Solvent-driven, self-assembled acid-responsive poly(ketalized serine)/siRNA complexes for RNA interference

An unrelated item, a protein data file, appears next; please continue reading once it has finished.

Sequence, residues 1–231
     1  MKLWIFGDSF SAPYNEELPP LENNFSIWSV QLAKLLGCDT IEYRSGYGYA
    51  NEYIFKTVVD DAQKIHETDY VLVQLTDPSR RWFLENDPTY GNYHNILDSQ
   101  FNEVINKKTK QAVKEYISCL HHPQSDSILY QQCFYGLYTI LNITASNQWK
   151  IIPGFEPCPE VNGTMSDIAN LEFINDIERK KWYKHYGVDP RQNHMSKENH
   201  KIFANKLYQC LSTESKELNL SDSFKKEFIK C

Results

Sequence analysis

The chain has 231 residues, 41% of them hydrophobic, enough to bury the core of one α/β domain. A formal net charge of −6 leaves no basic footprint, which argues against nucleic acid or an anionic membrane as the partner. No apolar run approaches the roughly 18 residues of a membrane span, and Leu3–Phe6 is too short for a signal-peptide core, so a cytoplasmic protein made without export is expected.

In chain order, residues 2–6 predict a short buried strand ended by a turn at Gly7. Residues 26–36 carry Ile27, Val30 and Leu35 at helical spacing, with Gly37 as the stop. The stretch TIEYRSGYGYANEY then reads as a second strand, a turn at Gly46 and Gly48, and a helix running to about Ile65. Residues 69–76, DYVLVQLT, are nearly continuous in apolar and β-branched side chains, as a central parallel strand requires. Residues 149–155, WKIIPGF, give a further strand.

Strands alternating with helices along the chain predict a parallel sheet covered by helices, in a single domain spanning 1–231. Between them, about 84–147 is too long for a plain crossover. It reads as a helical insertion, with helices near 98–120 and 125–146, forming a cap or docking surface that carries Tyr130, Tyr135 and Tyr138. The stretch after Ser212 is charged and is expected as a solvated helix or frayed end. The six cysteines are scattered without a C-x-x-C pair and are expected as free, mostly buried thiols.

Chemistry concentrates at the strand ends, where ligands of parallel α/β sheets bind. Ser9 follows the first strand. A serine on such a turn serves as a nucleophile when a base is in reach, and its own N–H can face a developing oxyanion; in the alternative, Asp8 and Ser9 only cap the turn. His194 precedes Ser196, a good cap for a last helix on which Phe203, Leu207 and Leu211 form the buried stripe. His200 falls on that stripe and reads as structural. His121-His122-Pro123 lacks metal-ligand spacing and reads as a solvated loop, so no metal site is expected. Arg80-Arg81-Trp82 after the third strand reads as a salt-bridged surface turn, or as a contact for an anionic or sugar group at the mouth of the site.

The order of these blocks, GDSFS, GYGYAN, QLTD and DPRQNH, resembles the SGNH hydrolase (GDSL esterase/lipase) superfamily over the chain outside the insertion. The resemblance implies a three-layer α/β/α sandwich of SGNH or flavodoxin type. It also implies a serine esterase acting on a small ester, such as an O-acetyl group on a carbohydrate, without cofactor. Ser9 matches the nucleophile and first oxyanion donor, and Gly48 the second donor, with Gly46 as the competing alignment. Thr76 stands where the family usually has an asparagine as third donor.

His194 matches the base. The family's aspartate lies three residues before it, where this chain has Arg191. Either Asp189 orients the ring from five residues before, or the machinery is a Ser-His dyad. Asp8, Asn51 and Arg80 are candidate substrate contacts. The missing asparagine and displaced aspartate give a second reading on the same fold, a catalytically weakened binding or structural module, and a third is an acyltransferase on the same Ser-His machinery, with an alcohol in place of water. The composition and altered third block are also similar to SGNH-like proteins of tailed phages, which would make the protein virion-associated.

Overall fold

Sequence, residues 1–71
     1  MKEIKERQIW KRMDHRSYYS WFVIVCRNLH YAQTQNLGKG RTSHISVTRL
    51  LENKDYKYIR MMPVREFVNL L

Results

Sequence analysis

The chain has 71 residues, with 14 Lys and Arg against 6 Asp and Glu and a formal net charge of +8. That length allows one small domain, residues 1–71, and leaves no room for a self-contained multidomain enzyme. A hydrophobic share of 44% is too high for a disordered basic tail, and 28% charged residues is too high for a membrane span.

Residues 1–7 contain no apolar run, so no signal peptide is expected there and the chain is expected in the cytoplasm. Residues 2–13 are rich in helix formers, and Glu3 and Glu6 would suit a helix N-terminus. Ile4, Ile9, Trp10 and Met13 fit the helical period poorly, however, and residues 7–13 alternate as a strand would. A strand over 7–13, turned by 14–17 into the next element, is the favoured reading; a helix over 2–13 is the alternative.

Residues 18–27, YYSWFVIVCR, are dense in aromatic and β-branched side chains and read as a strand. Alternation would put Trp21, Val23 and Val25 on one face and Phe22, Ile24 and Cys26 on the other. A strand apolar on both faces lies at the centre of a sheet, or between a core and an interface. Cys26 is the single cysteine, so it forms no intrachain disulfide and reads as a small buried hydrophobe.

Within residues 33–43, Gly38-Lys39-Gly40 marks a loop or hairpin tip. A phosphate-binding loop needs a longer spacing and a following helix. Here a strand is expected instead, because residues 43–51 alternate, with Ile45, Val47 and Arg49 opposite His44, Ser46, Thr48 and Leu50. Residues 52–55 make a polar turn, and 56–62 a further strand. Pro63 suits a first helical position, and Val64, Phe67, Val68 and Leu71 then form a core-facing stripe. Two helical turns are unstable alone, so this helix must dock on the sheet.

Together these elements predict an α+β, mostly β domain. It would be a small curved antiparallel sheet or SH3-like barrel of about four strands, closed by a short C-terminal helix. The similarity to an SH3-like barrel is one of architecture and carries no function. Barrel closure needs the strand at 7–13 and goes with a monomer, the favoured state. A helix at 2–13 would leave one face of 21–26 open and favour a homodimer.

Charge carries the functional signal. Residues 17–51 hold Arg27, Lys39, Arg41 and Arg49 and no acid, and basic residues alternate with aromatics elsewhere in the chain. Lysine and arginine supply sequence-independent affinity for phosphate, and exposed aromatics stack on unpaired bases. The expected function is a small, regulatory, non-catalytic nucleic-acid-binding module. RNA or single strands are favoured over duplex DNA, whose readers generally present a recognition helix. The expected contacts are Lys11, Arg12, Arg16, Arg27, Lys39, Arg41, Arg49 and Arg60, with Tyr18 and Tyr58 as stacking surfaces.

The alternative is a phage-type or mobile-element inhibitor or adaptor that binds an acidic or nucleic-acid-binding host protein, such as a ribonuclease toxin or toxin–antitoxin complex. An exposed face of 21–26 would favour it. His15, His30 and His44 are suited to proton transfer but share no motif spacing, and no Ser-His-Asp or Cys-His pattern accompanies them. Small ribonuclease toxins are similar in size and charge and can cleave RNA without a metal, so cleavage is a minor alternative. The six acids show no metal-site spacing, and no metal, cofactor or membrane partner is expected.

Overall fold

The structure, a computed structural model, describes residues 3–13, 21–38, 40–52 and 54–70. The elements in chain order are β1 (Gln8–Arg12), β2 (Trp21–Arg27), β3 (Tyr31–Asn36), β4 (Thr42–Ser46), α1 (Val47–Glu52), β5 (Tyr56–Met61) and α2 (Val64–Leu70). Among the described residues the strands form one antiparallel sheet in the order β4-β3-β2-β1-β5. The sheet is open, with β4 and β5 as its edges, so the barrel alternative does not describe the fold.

Advances in bionanotechnology aim to develop smart nucleic acid delivery carriers with stimuli-responsive features to overcome challenges such as non-biodegradability, rapid clearance, immune response, and reaching intracellular targets. Peptide-based nanomaterials have become widely used in the field of gene and drug delivery due to their structural versatility and biomimetic properties. Particularly, polypeptide gene vectors that respond to biological stimuli, such as acidic intracellular environments, have promising utilities in mediating efficient endosomal escape and drug release. Unfortunately, synthesis strategies for efficient polymerization of acid-labile peptides has been limited due to conditions that fail to preserve acid-degradable functional groups. Stable urethane derivatives of acid-labile amino acid, ketalized serine (kSer), were synthesized and polymerized to high molecular weight under permissive conditions independent of elevated temperature, restrictive solvents, or inert atmosphere. A new formulation strategy utilizing solvent-driven self-assembly of poly(kSer) peptides with small interfering RNA (siRNA) was developed, and the resulting poly(kSer)/siRNA complexes were further cross-linked for reinforced stability under physiological conditions. The complexes were highly monodisperse and precisely spherical in morphology which has significant clinical implications in definitive biodistribution, cellular internalization, and intracellular trafficking patterns. Self-assembled, cross-linked poly(kSer)/siRNA complexes demonstrated efficient nucleic acid encapsulation, internalization, endosomal escape, and acid-triggered cargo release, which tackles multiple hurdles in siRNA delivery. The acid-responsive polypeptides and solvent-deriven self-assembly strategies demonstrated in this study could be applicable to developing other efficient and safe delivery systems for gene and drug delivery.